The Canadian Privacy Law Blog: Developments in privacy law and writings of a Canadian privacy lawyer, containing information related to the Personal Information Protection and Electronic Documents Act (aka PIPEDA) and other Canadian and international laws.

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The author of this blog, David T.S. Fraser, is a Canadian privacy lawyer who practices with the firm of McInnes Cooper. He is the author of the Physicians' Privacy Manual. He has a national and international practice advising corporations and individuals on matters related to Canadian privacy laws.

For full contact information and a brief bio, please see David's profile.

Please note that I am only able to provide legal advice to clients. I am not able to provide free legal advice. Any unsolicited information sent to David Fraser cannot be considered to be solicitor-client privileged.

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The views expressed herein are solely the author's and should not be attributed to his employer or clients. Any postings on legal issues are provided as a public service, and do not constitute solicitation or provision of legal advice. The author makes no claims, promises or guarantees about the accuracy, completeness, or adequacy of the information contained herein or linked to. Nothing herein should be used as a substitute for the advice of competent counsel.

This web site is presented for informational purposes only. These materials do not constitute legal advice and do not create a solicitor-client relationship between you and David T.S. Fraser. If you are seeking specific advice related to Canadian privacy law or PIPEDA, contact the author, David T.S. Fraser.

Saturday, April 30, 2005

Faxing Tips: Avoiding common privacy incidents 

The privacy incidents that have gotten the most press recently in Canada have been related to misdirected faxes. To name just a few:

I've seen loads of "Faxing Guidelines" produced by organizations and privacy commissioners that include some pretty common sense suggestions to minimise the likelihood of problems. But problems almost always will occur simply because accidents to happen. (Luckily, in most cases it will be a one-off mistake.) Guidelines need to be implemented to make sure that the right people are informed of the issue and know how to practice safe faxing.

Below is a set of faxing tips I've developed over the last little while. A couple, which I've highlighted, do not appear in any other guidelines I've seen and are the results of lessons learned from various incidents I've seen or been involved with.

  • Physically secure the location of any fax machine that receives incoming faxes.
  • Use speed dial functions of your fax machine ... and verify each number by sending a test fax before sending any personal information.
  • If you use a fax machine to send both sensitive and non-sensitive information, consider getting separate fax machines for the different kinds of information. Designate a fax machine for personal or confidential information and program the speed dial functions to include only trusted recipients. (I have heard the story of a physician who regularly faxed letters to the editor, so had the local papers on his speed dials. Unfortunately, one of these buttons was right next to the speed dial button for the local hospitals' records department. You can guess what happened.) If you can't have a separate fax machine, don't have "trusted" and "not-trusted" buttons next to each other.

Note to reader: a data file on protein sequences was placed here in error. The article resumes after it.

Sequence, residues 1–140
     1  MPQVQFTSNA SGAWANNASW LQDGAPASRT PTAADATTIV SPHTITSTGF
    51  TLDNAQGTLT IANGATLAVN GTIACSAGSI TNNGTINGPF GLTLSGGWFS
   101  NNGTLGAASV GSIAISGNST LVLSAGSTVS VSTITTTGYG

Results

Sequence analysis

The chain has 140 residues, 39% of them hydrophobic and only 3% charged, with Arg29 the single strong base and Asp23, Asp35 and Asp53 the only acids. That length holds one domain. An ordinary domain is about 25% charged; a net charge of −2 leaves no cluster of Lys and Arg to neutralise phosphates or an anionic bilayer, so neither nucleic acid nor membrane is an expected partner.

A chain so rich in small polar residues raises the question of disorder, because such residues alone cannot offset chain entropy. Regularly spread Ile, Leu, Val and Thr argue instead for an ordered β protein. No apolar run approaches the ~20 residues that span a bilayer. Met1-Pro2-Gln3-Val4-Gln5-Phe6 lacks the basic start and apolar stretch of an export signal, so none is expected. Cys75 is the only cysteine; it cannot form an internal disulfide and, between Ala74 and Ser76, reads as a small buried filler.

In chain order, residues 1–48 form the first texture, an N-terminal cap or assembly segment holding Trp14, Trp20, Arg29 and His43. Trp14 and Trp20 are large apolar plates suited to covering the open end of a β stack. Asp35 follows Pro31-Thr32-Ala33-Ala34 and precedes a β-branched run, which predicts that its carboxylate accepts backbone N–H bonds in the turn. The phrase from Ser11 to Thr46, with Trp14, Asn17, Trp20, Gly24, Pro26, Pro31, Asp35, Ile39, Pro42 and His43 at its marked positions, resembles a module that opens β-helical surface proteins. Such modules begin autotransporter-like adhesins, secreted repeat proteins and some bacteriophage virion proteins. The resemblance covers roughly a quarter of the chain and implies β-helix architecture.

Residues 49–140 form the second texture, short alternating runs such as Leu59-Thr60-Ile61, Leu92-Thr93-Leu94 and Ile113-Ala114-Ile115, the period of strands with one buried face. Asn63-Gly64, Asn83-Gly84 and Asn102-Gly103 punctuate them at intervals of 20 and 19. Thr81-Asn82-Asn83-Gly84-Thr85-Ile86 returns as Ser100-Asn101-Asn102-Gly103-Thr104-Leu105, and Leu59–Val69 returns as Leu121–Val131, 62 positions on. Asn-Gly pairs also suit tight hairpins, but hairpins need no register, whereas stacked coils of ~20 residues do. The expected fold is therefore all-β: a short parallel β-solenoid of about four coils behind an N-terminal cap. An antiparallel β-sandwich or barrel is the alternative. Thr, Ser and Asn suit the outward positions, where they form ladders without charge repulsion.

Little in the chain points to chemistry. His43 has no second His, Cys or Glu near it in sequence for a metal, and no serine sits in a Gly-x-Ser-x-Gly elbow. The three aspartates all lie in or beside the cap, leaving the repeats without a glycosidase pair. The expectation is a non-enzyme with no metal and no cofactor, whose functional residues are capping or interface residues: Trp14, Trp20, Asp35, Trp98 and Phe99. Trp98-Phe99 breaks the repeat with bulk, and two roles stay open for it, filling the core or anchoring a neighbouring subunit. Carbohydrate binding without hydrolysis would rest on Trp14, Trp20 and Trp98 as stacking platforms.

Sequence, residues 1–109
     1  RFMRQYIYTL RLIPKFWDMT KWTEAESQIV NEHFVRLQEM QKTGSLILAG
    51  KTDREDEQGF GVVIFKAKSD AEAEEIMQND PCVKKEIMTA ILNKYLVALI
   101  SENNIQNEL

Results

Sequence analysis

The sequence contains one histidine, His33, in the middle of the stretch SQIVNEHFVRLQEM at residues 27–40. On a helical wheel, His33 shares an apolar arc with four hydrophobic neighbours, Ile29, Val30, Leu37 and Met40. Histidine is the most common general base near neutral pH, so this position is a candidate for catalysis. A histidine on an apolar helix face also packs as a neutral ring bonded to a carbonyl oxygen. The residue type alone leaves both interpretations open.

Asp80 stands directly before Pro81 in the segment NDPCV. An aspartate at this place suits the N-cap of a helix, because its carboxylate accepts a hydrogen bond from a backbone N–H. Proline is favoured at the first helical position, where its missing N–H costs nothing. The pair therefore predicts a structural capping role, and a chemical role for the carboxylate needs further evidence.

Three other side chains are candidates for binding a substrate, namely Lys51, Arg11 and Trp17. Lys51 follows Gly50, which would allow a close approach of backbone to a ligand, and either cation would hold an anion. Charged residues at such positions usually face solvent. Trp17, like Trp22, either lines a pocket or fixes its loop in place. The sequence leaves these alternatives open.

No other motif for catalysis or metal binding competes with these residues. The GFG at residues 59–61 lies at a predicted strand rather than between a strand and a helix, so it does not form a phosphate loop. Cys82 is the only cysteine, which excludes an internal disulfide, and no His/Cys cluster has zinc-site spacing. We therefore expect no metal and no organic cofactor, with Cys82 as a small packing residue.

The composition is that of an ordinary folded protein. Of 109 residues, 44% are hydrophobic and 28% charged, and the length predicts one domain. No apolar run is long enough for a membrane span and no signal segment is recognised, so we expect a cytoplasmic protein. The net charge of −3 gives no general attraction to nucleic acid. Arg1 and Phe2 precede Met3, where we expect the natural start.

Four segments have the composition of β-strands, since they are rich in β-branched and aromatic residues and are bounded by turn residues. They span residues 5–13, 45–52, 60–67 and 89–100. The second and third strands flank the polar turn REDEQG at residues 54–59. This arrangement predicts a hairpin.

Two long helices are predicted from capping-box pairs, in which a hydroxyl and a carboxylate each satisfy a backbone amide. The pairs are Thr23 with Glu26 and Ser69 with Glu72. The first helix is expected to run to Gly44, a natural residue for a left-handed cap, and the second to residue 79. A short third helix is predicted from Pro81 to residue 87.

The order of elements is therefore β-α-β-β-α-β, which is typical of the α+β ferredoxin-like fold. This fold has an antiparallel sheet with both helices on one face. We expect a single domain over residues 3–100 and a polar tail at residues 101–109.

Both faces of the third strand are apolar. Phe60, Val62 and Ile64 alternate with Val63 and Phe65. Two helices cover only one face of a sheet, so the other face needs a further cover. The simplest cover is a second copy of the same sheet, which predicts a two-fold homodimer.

• If particularly confidential information will be sent, contact the recipient in advance to tell them to expect the fax.
  • Do not "retire" any of your fax numbers because it may continue to receive faxes from people who haven't updated their records. Phone companies, facing a shortage of numbers, will quickly reassign retired numbers and you have no idea where those faxes may end up.
  • If you have a number of locations, branches or outgoing fax machines, make sure that all fax cover pages have one central number for reporting misdirected faxes and make sure that someone is at that number to keep track of problems. This one, simple and easy to implement precaution would have avoided all of the problems experienced by CIBC. Three faxes with the same error would have been all it would take to notice a pattern and figure it out. Of course, include a cover sheet that indicates that the information is confidential and should not be disclosed to any unauthorized persons.
  • Double check the number before you push the "send" button.
  • Check your confirmation sheets to make sure that the number called was the same as you intended.
  • Use desktop faxing technologies or -- better yet -- scan materials to PDF and e-mail them. The risk of interception is greater with e-mail, but e-mail goes to one designated recipient and does not sit around on a fax machine.
  • Many fax machines have the ability to encrypt or password protect faxes. If the information is sensitive, by all means use it! For internal faxes, as was the case with the CIBC incident, there is no reason why you shouldn't since you have control over both fax machines and you'll prevent the faxes from being read if they end up at the wrong machine.

Implementing all of the above should significantly reduce the likelihood of problems and should also allow you to identify any problems before they get out of control.

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